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T-cell therapy shows 'extraordinary' results in patients with terminal blood cancer

T-cell therapy shows 'extraordinary' results in patients with terminal blood cancer
A new cancer therapy that uses immune cells to target blood cancer has had “extraordinary” success in clinical trials. A staggering number of patients went into remission or saw their symptoms disappear, despite being told they only had months to live.

The T-cell therapy involves the removal of immune cells from patients. Those cells are tagged with “receptor” molecules that target a specific cancer. Doctors then place the cells back in the body.

Of the 35 patients with acute lymphoblastic leukemia (ALL) who were treated in the trials, a staggering 94 percent saw their symptoms vanish completely after undergoing T-cell therapy.

More than 40 patients with lymphoma experienced remission rates of more than 50 percent, while a group with non-Hodgkin's lymphoma experienced diminished cancer symptoms in more than 80 percent of cases.

The therapy's success rate is particularly remarkable because the patients were thought to only have months to live.

“These are in patients that have failed everything. Most of the patients in our trial would be projected to have two to five months to live,” researcher Stanley Riddell, of the Fred Hutchinson Cancer Research Center in Washington State, said during a speech at the annual meeting for the American Association for the Advancement for Science (AAAS), according to the Guardian and other British media outlets.

“This is unprecedented in medicine, to be honest, to get response rates in this range in these very advanced patients,” Riddell said.

Researcher Chiara Bonini, a hematologist at San Raffaele University in Milan, called the therapy a “revolution,” stressing that T-cells are a “living drug” and “have the potential to persist in our body for our whole lives.”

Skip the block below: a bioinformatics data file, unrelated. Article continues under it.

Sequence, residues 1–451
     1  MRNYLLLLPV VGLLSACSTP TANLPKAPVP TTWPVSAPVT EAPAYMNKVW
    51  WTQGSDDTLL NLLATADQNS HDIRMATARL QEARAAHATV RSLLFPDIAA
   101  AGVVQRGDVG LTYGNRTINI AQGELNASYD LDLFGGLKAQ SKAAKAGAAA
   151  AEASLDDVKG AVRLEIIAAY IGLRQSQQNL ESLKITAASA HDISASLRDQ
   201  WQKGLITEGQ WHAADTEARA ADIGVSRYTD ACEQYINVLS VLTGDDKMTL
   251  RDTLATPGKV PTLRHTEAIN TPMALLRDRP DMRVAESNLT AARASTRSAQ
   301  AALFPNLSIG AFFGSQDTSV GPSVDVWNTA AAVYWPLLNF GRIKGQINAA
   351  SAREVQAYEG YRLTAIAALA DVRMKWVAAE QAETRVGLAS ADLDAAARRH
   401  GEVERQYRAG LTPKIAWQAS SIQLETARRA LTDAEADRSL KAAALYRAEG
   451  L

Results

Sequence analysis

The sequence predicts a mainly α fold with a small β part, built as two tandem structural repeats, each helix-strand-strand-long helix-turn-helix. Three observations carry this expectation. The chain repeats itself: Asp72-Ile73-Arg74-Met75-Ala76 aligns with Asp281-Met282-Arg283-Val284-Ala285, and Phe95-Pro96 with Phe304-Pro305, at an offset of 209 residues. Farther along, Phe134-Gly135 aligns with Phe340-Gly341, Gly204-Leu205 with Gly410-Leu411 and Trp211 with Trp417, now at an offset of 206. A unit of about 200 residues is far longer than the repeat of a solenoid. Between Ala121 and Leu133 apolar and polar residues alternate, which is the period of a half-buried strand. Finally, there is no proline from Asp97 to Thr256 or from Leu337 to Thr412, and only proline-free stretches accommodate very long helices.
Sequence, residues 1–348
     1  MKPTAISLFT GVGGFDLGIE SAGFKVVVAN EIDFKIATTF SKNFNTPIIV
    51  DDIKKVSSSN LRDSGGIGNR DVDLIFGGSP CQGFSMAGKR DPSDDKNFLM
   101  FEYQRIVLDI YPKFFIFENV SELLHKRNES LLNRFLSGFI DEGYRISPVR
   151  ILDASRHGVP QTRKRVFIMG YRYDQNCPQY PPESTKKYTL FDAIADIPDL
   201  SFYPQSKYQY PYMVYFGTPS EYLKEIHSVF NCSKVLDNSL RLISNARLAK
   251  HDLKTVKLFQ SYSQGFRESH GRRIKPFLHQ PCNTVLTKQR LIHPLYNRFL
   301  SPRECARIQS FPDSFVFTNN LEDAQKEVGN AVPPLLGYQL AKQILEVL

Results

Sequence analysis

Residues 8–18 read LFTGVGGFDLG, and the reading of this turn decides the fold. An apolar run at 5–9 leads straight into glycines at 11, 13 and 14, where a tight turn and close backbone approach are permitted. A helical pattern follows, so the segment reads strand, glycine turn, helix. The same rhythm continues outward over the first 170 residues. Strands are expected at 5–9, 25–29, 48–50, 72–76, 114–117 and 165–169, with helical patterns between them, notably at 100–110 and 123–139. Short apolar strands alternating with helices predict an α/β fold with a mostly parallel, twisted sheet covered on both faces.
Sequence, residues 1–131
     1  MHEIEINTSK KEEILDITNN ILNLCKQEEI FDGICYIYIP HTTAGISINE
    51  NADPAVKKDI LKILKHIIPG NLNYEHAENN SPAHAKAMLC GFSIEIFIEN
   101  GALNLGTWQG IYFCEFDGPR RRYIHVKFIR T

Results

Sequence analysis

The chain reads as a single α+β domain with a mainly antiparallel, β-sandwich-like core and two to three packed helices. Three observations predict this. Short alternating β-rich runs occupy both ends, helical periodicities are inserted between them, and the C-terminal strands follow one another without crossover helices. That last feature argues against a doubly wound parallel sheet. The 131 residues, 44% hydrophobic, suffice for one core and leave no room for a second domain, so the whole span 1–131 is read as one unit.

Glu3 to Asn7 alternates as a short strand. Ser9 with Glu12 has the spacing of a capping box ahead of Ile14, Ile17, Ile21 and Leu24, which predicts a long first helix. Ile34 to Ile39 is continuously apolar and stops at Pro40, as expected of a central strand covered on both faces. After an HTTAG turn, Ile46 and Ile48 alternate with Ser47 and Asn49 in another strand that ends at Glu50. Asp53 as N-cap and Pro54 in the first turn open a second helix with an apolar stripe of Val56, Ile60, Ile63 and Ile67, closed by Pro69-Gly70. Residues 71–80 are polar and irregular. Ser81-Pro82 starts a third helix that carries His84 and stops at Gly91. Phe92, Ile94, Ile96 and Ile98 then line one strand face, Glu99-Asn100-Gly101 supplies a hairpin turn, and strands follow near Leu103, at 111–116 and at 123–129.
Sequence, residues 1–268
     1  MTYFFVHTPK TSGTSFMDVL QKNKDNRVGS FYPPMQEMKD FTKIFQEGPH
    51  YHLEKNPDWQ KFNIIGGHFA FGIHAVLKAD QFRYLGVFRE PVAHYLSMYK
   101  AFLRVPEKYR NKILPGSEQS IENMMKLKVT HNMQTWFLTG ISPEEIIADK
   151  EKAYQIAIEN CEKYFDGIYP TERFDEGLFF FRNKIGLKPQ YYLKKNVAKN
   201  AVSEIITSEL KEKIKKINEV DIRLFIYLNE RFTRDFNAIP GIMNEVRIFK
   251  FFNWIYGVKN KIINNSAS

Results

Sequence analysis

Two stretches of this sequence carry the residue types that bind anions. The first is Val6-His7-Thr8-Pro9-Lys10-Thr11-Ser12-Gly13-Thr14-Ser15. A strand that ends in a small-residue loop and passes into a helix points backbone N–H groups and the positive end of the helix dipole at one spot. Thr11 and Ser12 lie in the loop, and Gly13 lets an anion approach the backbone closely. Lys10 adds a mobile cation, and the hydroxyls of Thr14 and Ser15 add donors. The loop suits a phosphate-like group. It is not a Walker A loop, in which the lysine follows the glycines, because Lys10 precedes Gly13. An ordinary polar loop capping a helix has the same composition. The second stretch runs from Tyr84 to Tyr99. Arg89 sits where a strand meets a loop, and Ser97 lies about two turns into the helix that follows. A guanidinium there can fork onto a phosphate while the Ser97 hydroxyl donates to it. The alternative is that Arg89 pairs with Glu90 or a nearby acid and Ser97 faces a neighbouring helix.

T-cells are an integral part of the body's immune system, helping to identify viruses and bacteria. They have the potential to keep a “memory” of previous infections, in order to launch a rapid immune response when the body comes under a repeat attack.

Bonini, who believes the findings could lead to a long-term defense against cancer, noted that T-cells can remember an infection from 10 years earlier and “kill it so quickly you don't even know you're infected.”

T-cell therapy has typically been considered a last resort option, because reprogramming the immune system can come with serious side effects and overload defense cells. One of the most serious side effects is cytokine release syndrome (sCRS), which can be fatal.

Twenty of the patients in the study suffered from fever, hypotension, and neurotoxicity induced by sCRS, and two participants died. The researchers noted, however, that chemotherapy had failed in these patients and no other options were available to them.

The trials have so far only targeted blood cancers. The researchers acknowledged that they need to work on tumors and track how long patients remain in remission after T-cell therapy.

Riddell also noted the scientists have “a long way to go,” acknowledging that “some of these patients do relapse.” He stressed that researchers should be focused on “how to bring [the treatment] forward."

“We don't want to wait until patients have failed everything else,” he said.

A paper on the research is currently under review and pending publication.